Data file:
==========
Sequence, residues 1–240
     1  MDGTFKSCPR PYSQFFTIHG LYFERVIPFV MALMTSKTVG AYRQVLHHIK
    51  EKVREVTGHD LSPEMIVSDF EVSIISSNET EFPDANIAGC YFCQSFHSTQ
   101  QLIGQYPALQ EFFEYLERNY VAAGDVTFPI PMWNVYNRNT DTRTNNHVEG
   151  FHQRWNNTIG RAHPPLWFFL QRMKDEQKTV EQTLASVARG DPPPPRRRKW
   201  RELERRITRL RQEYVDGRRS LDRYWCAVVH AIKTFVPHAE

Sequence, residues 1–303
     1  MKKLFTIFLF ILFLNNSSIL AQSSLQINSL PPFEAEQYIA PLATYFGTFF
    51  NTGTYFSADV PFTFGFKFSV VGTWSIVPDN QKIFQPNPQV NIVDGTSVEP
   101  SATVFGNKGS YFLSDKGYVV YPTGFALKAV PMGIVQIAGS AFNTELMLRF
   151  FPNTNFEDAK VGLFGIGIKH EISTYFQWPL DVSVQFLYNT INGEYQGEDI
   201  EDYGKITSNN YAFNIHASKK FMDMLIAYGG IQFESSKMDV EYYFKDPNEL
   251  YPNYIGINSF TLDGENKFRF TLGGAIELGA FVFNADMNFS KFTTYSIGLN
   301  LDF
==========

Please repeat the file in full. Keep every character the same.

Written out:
Sequence, residues 1–240
     1  MDGTFKSCPR PYSQFFTIHG LYFERVIPFV MALMTSKTVG AYRQVLHHIK
    51  EKVREVTGHD LSPEMIVSDF EVSIISSNET EFPDANIAGC YFCQSFHSTQ
   101  QLIGQYPALQ EFFEYLERNY VAAGDVTFPI PMWNVYNRNT DTRTNNHVEG
   151  FHQRWNNTIG RAHPPLWFFL QRMKDEQKTV EQTLASVARG DPPPPRRRKW
   201  RELERRITRL RQEYVDGRRS LDRYWCAVVH AIKTFVPHAE

Sequence, residues 1–303
     1  MKKLFTIFLF ILFLNNSSIL AQSSLQINSL PPFEAEQYIA PLATYFGTFF
    51  NTGTYFSADV PFTFGFKFSV VGTWSIVPDN QKIFQPNPQV NIVDGTSVEP
   101  SATVFGNKGS YFLSDKGYVV YPTGFALKAV PMGIVQIAGS AFNTELMLRF
   151  FPNTNFEDAK VGLFGIGIKH EISTYFQWPL DVSVQFLYNT INGEYQGEDI
   201  EDYGKITSNN YAFNIHASKK FMDMLIAYGG IQFESSKMDV EYYFKDPNEL
   251  YPNYIGINSF TLDGENKFRF TLGGAIELGA FVFNADMNFS KFTTYSIGLN
   301  LDF